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## Frank Morgan's Math Chat |

November 15, 2001

**Old Challenge**. Is there any valid explanation for the Burger King sale:

Cheeseburger: $.49

Double Cheeseburger: $.99

Triple Cheeseburger: $1.49

(Why are three cheeseburgers cheaper than one triple cheeseburger, when the individual burgers have more bun but the same amount of meat?)

**Answer** (Arthur Pasternak). Sure, I can think of five explanations:

- It may be that it is very difficult to assemble a triple cheeseburger because it is hard to balance the tiny little things on top of each other. This difficulty could increase the overall cost of a triple cheeseburger, either because you need to hire more skilled (and higher paid) hamburger stackers to build them, or because it takes much longer. The additional cost may exceed the marginal cost of the additional buns.
- Double or triple burgers may not fit in the custom microwave burger heaters and therefore require special expensive burger heaters that cost substantially more. This cost is passed on to the customer.
- Perhaps the triples do cost a bit less, but Burger King makes a huge markup on other products in the $1.50 price range and wants to discourage people from buying the triple burgers.
- Triples require special high performance titanium buns which cost more.
- Marketing studies have shown that all prices need to end in the number 9 because customers are indifferent between $1.50 and $1.59. Therefore it makes sense to round all prices to the nearest number ending in 9.

Margaret Luck reports that at Kippax shops, Canberra Australia, you can buy one loaf of day-old bread for 80 cents, or three for $2.50, and they won't let you buy three loaves separately.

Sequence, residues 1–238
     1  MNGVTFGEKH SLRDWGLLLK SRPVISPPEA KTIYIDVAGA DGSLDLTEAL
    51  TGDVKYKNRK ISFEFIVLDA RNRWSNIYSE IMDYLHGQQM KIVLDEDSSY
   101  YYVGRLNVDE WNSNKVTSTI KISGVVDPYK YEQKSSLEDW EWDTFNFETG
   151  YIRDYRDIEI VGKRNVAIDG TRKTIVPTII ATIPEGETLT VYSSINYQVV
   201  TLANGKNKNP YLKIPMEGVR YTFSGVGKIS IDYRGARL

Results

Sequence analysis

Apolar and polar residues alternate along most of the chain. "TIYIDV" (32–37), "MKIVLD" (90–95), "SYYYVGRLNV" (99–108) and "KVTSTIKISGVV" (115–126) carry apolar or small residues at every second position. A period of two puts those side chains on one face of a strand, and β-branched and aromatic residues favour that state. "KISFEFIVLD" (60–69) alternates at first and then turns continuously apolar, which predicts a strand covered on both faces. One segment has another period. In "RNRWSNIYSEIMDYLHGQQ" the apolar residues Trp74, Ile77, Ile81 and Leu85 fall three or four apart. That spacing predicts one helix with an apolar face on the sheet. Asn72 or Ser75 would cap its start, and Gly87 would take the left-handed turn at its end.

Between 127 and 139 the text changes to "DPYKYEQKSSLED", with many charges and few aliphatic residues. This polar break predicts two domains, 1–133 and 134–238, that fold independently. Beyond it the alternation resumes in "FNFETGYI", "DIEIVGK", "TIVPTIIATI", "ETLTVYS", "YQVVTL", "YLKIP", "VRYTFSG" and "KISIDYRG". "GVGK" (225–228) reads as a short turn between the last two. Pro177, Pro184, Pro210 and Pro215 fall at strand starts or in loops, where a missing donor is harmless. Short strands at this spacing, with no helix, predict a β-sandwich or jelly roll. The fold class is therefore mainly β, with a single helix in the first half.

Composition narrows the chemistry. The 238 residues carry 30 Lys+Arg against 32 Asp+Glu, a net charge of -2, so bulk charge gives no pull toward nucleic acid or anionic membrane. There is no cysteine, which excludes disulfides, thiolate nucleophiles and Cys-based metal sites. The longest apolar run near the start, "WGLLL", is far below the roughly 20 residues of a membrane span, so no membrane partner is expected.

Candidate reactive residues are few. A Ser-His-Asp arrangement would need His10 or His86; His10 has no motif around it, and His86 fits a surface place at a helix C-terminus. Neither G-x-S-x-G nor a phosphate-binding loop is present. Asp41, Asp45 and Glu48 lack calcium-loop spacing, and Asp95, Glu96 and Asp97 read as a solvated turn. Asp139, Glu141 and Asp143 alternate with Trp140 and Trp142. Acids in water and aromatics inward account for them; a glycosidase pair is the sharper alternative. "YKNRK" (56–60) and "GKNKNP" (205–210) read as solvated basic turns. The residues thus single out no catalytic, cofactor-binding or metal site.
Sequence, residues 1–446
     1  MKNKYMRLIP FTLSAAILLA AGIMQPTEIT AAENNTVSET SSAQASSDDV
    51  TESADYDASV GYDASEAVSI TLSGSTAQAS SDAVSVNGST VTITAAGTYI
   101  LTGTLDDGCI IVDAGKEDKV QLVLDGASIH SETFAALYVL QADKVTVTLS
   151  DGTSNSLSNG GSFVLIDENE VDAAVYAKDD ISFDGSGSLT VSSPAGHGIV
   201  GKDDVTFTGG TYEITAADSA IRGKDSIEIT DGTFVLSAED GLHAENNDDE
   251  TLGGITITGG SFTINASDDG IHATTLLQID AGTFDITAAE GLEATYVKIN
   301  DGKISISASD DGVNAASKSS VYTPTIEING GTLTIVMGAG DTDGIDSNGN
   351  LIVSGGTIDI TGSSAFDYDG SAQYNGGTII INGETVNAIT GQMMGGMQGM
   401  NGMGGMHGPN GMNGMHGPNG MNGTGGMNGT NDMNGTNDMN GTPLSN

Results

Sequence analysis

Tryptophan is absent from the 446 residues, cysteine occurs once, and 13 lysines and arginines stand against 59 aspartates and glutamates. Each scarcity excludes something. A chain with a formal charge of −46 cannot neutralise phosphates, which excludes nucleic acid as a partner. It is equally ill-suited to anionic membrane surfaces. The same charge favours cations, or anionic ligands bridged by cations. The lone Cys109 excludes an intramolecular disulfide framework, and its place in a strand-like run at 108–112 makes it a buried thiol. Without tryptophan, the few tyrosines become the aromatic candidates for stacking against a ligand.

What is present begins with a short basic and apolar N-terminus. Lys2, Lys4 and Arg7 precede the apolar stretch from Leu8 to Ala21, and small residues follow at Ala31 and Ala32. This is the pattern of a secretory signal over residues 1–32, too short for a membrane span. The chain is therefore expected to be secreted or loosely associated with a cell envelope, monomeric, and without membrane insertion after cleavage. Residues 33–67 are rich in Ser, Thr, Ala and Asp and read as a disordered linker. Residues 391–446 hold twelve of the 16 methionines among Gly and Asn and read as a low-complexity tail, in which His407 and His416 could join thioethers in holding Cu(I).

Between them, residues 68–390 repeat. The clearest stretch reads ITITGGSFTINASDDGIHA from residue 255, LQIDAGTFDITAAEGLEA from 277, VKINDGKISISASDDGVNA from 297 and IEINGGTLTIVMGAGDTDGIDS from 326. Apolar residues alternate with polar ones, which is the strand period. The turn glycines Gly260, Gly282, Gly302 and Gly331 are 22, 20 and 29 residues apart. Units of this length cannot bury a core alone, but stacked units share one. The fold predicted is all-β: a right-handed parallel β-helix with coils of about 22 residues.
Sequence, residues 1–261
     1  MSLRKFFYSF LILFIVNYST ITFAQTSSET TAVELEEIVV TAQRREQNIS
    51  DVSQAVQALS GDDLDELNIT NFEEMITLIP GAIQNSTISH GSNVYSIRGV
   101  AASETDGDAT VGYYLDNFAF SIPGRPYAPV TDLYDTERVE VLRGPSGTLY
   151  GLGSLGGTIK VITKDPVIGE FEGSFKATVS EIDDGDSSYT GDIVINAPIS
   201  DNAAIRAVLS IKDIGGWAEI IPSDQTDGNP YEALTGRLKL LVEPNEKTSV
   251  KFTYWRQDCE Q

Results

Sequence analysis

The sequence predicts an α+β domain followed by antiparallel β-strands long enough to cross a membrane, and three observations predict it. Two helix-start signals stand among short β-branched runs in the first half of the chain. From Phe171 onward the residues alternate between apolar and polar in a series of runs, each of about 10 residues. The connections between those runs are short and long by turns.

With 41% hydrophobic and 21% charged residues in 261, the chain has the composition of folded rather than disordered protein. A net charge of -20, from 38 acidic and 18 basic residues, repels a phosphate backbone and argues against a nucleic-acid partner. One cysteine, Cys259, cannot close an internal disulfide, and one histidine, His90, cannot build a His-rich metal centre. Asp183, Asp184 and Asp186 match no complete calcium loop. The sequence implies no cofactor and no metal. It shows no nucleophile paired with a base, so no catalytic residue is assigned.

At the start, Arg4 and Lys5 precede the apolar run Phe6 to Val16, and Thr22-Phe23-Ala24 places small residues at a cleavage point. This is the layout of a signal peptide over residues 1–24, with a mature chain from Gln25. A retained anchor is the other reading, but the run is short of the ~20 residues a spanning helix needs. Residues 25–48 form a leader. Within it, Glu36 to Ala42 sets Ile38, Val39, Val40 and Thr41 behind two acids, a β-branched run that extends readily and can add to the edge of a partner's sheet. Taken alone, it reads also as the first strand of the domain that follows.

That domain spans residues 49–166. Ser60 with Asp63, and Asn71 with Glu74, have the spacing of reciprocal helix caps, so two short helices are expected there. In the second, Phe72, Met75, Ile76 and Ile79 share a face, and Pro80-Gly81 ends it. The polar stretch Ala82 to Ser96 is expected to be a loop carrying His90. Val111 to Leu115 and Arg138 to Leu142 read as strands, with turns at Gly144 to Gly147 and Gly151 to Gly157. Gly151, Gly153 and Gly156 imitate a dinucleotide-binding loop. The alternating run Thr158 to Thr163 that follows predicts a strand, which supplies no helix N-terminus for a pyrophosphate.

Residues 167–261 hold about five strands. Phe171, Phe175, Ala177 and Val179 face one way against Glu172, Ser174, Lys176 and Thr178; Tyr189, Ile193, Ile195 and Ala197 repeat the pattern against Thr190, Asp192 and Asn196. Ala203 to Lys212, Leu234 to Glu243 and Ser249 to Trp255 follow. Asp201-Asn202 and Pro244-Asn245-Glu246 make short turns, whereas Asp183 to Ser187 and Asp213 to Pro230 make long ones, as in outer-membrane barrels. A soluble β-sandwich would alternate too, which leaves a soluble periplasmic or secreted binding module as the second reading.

**Questionable Mathematics.** John Sullivan reports that the October 7 *New York Times* described some (evidently four-dimensional) rockets in use by the Afghan opposition, which "are designed to land in unison and pulverize a several-square-acre area." (Since acres are already two-dimensional units, a square acre must be a four-dimensional unit.)

Readers are invited to submit more examples of questionable mathematics.

**New Challenge** (Al Zimmermann). In the baseball World Series (best of 7), which should be more difficult: to come back from being behind 0-2, or to come back from being behind 2-3?

Copyright 2001, Frank Morgan.

Send answers, comments, and new questions by email to Frank.Morgan@williams.edu, to be eligible for* Flatland *and other book awards. Winning answers will appear in the next Math Chat. Math Chat appears on the first and third Thursdays of each month. Prof. Morgan's homepage is at www.williams.edu/Mathematics/fmorgan.

THE MATH CHAT BOOK, including a $1000 Math Chat Book QUEST, questions and answers, and a list of past challenge winners, is now available from the MAA (800-331-1622).